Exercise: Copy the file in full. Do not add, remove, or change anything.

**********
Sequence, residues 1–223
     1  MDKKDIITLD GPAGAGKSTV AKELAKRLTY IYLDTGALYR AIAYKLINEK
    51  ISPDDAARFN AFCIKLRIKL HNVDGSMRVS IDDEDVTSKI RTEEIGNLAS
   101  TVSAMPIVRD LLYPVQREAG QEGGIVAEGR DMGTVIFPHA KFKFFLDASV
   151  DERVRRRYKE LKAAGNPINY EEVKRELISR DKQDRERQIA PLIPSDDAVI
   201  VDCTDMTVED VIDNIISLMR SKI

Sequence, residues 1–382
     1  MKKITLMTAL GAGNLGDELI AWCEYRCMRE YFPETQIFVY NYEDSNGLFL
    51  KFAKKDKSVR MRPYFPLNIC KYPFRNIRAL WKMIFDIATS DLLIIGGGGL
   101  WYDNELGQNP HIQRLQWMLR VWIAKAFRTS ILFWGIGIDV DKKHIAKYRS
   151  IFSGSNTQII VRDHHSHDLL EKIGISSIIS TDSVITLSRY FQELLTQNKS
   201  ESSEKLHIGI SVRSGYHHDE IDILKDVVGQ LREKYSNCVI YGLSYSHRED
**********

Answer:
Sequence, residues 1–223
     1  MDKKDIITLD GPAGAGKSTV AKELAKRLTY IYLDTGALYR AIAYKLINEK
    51  ISPDDAARFN AFCIKLRIKL HNVDGSMRVS IDDEDVTSKI RTEEIGNLAS
   101  TVSAMPIVRD LLYPVQREAG QEGGIVAEGR DMGTVIFPHA KFKFFLDASV
   151  DERVRRRYKE LKAAGNPINY EEVKRELISR DKQDRERQIA PLIPSDDAVI
   201  VDCTDMTVED VIDNIISLMR SKI

Sequence, residues 1–382
     1  MKKITLMTAL GAGNLGDELI AWCEYRCMRE YFPETQIFVY NYEDSNGLFL
    51  KFAKKDKSVR MRPYFPLNIC KYPFRNIRAL WKMIFDIATS DLLIIGGGGL
   101  WYDNELGQNP HIQRLQWMLR VWIAKAFRTS ILFWGIGIDV DKKHIAKYRS
   151  IFSGSNTQII VRDHHSHDLL EKIGISSIIS TDSVITLSRY FQELLTQNKS
   201  ESSEKLHIGI SVRSGYHHDE IDILKDVVGQ LREKYSNCVI YGLSYSHRED